Like Sheldon and Blythe's previous collaboration, The Whales' Song , winner of the 1991 Kate Greenaway medal, this exquisite picture book is imbued with the magic of nature and dreams. When Jenny finds an arrowhead in her backyard, her mother tells her about a time when ``there were no roads, no cars, no cities, and no towns. Just the people, the animals, and the land itself.'' That night, Jenny dreams she is invited to join a campfire gathering of Native Americans, who describe ``how the world had been, so long ago, when the land was as large and as open as the sky.'' Together, the sonorous text and remarkable oil paintings suggest the triumph of the imagination over time. The book is not a nostalgic lament for the past; rather, it offers a glimpse of the paradoxical reality and beauty of both past and present--the sunlight on Jenny's hair and the tangle of flowers in her backyard are just as breathtaking as vistas of starlit tepees. One memorable illustration, like a doubly exposed photograph, depicts a suburban street as the burnished face of a Native American appears through the shimmering clouds and houses, as if present and past were one. Ages 4-8. (May)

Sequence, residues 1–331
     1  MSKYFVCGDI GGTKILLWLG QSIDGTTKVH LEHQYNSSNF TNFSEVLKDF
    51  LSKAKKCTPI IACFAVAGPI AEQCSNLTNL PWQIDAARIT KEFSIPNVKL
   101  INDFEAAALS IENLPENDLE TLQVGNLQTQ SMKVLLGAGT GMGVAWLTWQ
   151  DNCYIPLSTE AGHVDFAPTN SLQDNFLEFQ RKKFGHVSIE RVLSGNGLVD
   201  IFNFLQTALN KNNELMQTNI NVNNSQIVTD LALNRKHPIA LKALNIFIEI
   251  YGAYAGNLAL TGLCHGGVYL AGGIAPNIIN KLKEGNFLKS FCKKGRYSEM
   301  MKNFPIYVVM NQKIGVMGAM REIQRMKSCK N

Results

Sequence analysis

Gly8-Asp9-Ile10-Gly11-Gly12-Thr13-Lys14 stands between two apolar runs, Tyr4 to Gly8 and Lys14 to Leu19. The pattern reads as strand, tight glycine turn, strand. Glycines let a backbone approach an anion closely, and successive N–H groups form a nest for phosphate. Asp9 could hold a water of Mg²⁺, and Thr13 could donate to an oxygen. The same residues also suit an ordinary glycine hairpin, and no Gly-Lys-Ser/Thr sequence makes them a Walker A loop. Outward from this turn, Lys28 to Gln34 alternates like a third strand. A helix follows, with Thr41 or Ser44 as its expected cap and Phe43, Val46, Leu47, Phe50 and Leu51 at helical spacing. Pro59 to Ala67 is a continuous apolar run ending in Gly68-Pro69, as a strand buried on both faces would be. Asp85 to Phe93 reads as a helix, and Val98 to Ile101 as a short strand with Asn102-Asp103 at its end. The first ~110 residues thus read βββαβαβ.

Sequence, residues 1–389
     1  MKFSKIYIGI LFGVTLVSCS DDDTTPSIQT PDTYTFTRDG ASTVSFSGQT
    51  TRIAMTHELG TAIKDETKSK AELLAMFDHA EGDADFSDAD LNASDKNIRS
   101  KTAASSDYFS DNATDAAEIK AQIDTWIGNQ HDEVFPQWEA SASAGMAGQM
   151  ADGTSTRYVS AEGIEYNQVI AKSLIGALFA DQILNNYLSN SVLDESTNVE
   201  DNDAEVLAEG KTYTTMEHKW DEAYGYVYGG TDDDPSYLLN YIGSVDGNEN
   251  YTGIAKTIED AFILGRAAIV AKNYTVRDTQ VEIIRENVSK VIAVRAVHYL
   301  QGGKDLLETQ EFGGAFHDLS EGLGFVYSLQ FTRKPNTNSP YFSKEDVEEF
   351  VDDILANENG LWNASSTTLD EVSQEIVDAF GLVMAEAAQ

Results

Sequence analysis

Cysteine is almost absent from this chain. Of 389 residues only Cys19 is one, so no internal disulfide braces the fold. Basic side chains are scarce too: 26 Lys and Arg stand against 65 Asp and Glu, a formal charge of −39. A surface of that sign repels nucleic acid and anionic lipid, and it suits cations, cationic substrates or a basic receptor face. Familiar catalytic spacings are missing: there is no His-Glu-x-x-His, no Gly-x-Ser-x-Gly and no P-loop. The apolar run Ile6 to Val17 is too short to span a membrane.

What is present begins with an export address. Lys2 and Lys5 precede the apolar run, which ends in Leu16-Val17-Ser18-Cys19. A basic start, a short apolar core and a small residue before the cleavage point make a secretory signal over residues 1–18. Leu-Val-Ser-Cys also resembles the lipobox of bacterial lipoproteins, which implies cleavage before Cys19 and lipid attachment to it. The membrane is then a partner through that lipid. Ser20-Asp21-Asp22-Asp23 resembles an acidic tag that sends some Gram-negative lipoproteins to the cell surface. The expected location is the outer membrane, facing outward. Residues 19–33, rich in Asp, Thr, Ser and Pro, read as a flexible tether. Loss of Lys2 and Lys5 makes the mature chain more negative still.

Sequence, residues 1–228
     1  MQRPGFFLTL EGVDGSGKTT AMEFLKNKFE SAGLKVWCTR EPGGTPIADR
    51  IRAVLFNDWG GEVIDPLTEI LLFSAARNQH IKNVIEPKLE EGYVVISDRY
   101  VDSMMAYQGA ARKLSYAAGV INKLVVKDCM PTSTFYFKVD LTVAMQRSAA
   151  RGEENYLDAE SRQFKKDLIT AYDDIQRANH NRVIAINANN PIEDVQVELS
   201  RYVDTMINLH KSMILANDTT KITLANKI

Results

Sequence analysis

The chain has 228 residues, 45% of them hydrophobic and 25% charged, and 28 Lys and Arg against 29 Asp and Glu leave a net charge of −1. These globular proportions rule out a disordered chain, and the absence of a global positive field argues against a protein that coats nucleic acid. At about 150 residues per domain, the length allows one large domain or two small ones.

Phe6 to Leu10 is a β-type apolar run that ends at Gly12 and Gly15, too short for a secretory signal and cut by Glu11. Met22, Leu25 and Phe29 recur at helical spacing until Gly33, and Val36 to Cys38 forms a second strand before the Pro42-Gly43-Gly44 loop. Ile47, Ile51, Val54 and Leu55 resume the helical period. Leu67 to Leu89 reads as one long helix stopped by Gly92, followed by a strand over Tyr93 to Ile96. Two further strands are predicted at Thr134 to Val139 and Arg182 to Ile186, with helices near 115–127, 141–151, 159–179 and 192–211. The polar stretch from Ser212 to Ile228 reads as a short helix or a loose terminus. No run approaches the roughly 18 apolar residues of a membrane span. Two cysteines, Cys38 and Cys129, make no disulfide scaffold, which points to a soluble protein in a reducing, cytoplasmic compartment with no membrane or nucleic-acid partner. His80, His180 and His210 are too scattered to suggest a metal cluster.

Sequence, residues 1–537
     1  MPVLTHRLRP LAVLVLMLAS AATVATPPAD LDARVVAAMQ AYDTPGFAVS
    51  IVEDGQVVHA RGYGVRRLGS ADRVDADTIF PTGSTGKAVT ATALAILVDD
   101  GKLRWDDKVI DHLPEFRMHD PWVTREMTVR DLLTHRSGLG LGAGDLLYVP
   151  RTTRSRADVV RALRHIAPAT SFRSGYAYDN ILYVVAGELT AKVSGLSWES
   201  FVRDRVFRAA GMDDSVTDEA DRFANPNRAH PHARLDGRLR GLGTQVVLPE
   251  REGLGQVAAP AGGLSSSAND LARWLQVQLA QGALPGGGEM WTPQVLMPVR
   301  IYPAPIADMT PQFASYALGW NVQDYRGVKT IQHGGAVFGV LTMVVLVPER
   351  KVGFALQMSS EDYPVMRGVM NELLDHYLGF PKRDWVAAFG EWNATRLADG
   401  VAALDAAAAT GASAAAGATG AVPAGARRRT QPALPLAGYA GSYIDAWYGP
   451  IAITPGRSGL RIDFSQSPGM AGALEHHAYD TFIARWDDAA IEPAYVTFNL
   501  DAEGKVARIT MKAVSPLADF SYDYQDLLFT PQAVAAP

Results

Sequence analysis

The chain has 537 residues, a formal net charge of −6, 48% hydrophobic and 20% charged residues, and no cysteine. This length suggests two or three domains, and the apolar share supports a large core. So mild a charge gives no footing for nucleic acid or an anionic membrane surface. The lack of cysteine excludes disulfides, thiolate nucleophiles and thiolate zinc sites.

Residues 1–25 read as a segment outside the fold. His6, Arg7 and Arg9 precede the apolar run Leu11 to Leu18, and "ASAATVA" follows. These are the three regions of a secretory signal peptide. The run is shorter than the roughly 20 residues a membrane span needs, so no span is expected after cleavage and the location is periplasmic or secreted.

Reviewed on: 05/02/1994 Release date: 05/01/1994 Genre: Children's
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